I’m asking the committee to recommend that detailed standards of animal care be put in place before Bill 50 becomes law. Not doing so would be like mandating Mothers Against Drunk Driving to autonomously enforce the Highway Traffic Act with all the speed limit signs removed. Citizens of Ontario have the right to know exactly what is expected of them.
Nowhere to turn: In 2003, OSPCA Chief Inspector Mike Draper stated, “You are guilty until proven innocent.” I asked the Ontario SPCA vet for permission to see my dog one last time and take home his collar. I was told, “He is evidence, and you are a suspect in a criminal investigation.” I was repeatedly threatened with criminal charges. None were laid. The OSPCA did lay 10 charges against the kennel owner, all of which were dropped mid-trial without explanation, apology or compensation. I felt I was in a nightmare. “Who is this OSPCA and where did they get their power? To whom are they accountable?” I was determined to understand. I wrote to Minister Kwinter. His office advised that the day-to-day dealings of the Ontario SPCA were not under the care of the ministry. The Ombudsman said he had no jurisdiction. I had been made clearly aware of the OSPCA’s mindset and power, and the media only sang the OSPCA’s praises. Where to turn?
In November 2003, I stumbled across a story in Better Farming magazine, “The Limping Pig.” Jack, a large black boar born with a limp, was shot in his pen because the OSPCA assumed he had been abused. The farmer was criminally charged. Those charges were dropped pre-trial. Since that time, I have come across court documents and stories like this proving that accountability is a serious issue.
A Dutch warmblood horse, born with short tendons and a stiff gait, was also killed for the same reason. After the Ontario SPCA left, the farmer mounted a video camera on a ladder and filmed himself cutting the legs off the dead horse. He wrapped them and placed them in his freezer for analysis by the Ontario Veterinary College. The farmer knew this was the only way he could hope to prove his innocence. Charges were laid and later dropped without explanation, apology or restitution.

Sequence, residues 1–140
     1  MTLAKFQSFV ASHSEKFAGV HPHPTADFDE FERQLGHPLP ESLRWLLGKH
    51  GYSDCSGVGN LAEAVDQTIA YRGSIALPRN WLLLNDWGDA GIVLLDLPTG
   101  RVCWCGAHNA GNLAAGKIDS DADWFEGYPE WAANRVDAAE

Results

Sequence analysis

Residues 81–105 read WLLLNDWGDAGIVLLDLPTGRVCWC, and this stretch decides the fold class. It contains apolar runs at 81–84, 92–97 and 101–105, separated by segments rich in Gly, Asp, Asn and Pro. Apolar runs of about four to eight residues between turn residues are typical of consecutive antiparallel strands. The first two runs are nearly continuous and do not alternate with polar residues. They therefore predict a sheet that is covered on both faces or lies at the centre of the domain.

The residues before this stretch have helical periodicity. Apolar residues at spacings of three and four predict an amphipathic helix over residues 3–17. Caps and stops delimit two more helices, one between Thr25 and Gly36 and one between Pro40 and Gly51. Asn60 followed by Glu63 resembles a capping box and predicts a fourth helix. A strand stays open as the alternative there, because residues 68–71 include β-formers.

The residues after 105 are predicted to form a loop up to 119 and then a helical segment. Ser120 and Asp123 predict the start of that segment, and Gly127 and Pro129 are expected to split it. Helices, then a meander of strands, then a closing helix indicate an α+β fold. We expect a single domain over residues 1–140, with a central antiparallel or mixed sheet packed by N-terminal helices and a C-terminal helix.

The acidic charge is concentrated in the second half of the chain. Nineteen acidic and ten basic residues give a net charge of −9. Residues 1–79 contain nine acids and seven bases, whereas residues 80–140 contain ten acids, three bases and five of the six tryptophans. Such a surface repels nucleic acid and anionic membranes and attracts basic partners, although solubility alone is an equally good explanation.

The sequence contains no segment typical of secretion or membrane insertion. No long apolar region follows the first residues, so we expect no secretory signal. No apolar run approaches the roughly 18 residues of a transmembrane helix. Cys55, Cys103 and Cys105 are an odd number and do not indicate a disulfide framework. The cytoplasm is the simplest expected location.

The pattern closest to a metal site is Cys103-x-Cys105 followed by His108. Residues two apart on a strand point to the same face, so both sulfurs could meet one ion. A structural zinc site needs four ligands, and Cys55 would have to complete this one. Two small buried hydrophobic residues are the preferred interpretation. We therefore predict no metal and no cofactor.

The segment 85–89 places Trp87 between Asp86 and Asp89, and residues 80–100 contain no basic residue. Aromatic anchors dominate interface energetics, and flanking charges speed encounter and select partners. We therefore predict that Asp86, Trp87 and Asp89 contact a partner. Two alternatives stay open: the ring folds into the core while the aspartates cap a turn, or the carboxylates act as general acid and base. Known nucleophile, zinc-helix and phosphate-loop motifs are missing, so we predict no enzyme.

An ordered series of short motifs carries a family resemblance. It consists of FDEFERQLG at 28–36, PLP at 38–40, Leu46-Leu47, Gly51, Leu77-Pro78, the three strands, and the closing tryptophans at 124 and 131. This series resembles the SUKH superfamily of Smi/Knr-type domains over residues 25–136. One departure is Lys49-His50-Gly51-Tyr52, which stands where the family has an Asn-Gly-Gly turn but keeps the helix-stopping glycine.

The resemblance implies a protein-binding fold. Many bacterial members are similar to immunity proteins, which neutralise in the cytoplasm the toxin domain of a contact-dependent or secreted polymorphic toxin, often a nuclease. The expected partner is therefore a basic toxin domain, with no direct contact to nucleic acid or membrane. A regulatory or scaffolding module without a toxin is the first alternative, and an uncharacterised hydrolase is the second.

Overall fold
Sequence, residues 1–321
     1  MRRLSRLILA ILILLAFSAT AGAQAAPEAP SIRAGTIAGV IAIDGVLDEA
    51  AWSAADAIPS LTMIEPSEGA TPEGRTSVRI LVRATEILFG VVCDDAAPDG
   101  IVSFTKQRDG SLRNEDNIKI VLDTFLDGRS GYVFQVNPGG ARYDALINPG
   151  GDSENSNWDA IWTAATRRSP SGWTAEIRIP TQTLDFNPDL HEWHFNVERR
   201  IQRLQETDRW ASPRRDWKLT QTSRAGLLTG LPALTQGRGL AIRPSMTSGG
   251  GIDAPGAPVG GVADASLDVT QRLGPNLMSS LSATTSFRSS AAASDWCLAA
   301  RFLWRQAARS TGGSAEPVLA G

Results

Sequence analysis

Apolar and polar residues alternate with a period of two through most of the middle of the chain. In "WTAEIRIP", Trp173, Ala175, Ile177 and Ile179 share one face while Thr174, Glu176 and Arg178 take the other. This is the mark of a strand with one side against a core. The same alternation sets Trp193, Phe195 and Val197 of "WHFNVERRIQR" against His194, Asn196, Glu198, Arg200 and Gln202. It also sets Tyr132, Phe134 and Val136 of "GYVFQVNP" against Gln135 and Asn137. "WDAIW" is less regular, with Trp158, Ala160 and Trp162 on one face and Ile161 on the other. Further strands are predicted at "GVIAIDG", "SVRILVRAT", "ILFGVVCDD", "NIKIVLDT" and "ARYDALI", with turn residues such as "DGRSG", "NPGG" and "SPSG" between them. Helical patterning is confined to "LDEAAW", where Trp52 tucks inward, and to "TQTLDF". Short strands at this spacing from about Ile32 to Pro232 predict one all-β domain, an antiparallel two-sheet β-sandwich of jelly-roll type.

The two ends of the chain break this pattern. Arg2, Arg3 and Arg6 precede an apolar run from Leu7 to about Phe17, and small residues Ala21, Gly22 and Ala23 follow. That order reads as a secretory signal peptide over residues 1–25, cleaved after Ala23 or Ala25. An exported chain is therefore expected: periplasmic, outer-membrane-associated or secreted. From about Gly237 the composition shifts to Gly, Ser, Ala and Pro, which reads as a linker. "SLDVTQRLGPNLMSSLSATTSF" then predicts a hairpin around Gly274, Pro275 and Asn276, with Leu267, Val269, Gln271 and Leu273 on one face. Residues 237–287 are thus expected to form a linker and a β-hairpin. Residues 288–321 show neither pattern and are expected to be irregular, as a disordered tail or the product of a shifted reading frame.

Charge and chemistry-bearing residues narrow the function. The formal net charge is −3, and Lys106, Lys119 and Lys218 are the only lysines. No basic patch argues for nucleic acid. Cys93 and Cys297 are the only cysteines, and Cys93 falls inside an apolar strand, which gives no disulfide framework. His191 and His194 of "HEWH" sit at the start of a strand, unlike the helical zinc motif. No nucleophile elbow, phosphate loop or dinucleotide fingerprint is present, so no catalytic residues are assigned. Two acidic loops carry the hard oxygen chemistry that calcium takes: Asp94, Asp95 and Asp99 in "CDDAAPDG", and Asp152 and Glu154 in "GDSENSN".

Another family had 87 animals seized on a first visit. The father suffered a heart attack immediately thereafter. The animals were ordered returned to the farm by the Animal Care Review Board. The family could not afford to pay OSPCA seizure costs. Criminal charges were laid. The farmer states he pled guilty to a single charge of a dirty budgie cage. The Ontario SPCA is currently suing this family civilly.
Recently the OSPCA seized horses near Minister Bartolucci’s home riding. The farmer attempted suicide. An old sheep farmer came home from shopping to find notices of abandonment on his property. He was intimidated into surrendering his sheep the next day.
There are court rulings with significant charter violations by OSPCA inspectors. Two successfully moved forward. These painful stories must no longer be ignored by the OSPCA or the government. Only transparency and accountability will ensure Ontario’s animal welfare system flourishes under Bill 50.
In closing, I have had the privilege of meeting with the OSPCA recently and sincerely hope my speaking here today does not close this door. Ontario SPCA CEO Kate MacDonald and chief inspector Hugh Coghill exhibited great trust and candour. The province has chosen a private charity, the Ontario SPCA, to be the cornerstone of Ontario’s animal welfare system.
I have also had the privilege of meeting with both Minister Kwinter and Minister Bartolucci and his staff to discuss the need for legislatively enshrined accountability for the Ontario SPCA. I would like to acknowledge respectfully the amount of work and good intentions that went into drafting Bill 50. Animal welfare is a political minefield, with differing opinions and strong-willed participants at every turn. I commend the minister and his staff.
Five years ago, I resolved to one day stand in the Legislature and tell my story. I resolved to put my efforts towards changing the provincial animal act to legislatively enshrine OSPCA accountability and transparency. I thank you for this opportunity.